Mark Smith, State Librarian

Join TSLAC for the Spring 2021 #TXBookChat Virtual Series

Please join us for the #TXBookChat series. The Texas Center for the Book recently launched its third lineup of virtual literary events for spring 2021. This online program from the Texas State Library and Archives Commission launched in 2020. The #TXBookChat series offers brief discussions and programs with authors, librarians, and literary professionals. These informal “coffee chats” last about 30 minutes and offer a quick look into different aspects of the state’s literary world. #TXBookChat series seeks to bring together diverse voices and perspectives.

#TXBookChat continued on January 21, with a Graphic Novels for Today’s Readers session, and you may watch the recording here. There are three more conversations scheduled for the spring. All programs begin at 11:00 a.m. CST.

  • February 11 Love of Writing: Fueling Literary Dreams – Join author and Texas Center for the Book Coordinator Rebekah Manley in discussion about her debut book and the sparks that keep her writing dreams burning bright.
  • March 25 How to Participate in Read Across Texas – Get the inside scoop on how to participate in this year’s statewide community read on the theme of Recovery.
  • April 15 National Student Poet of the Southwest: Texan Ethan Wang – Join the 2020 National Student Poet of the Southwest for a poetry reading and discussion of his work.

“The Texas Center for the Book is so excited to reach even more book lovers in 2021,” said Coordinator Rebekah Manley. “Our book chats bring Texas authors, illustrators, librarians, and literacy advocates into readers’ homes, and we have some wonderful discussions planned for our third installment.”

The events take place on the Zoom platform, and registration is required. Visit www.tsl.texas.gov/txbookchat to learn more about upcoming events and reserve your spot.

Texas Center for the Book Seeks Literary Landmark Applications

Literary Landmark Roundup header - logo surronded by red lasso

There is one week left to enter into the Texas Center for the Book’s 2021 Literary Landmark Roundup! This is a project to increase the number of official Literary Landmark sites in Texas. The Center seeks nominations from libraries, historical associations, Chambers of Commerce, educational institutions, museums, and literary societies, among others. Nominations are being accepted online at www.tsl.texas.gov/literarylandmark through February 8, 2021.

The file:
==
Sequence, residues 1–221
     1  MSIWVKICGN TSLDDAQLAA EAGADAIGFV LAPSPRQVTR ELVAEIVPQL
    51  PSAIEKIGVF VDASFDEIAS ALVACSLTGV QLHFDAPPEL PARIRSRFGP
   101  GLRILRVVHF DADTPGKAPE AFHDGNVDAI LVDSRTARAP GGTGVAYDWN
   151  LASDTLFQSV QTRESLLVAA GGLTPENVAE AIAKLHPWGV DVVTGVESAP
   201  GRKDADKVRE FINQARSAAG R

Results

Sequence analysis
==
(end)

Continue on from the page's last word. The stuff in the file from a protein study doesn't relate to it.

Literary Landmarks are special places located across the country that attract tourists, book lovers, and history buffs to educate the public about the important literary works and history in their state. Made possible by funding from the Summerlee Foundation of Dallas, this special push for more Texas landmarks will provide funds to cover the application fee, which also includes cost of the foundry-made Literary Landmark plaque, and will assist local institutions in creating awareness of the site’s importance to the state’s literary heritage.

To apply to become one of five new Texas sites through the Literary Landmark Roundup, first identify a site in your community. A Literary Landmark is a location tied to a deceased literary figure, author(s), and/or their work. It could be a writer’s home or birthplace, a library where work was crafted or is housed, an author’s burial site, a special place where literary figures met and discoursed, or an establishment where an author worked or did research. Creative applications are encouraged.

The second step is collecting and submitting the information needed to nominate the site, including a location description, background material, a bibliography, named groups or individuals who will be responsible for the site, an outline of plans for a dedication ceremony (in person or virtual), and a publicity strategy. The deadline to apply online is Monday, February 8.

Five new Literary Landmark sites will be notified by March 15. These qualifying sites will receive funding and support to finalize their Literary Landmark. With assistance from the Texas State Library and Archives Commission, 2021 Literary Landmark Roundup recipients must submit their official application to United for Libraries, the national organization that administers the program, by May 1, 2021.

A list of Literary Landmarks by state can be found on the United for Libraries website.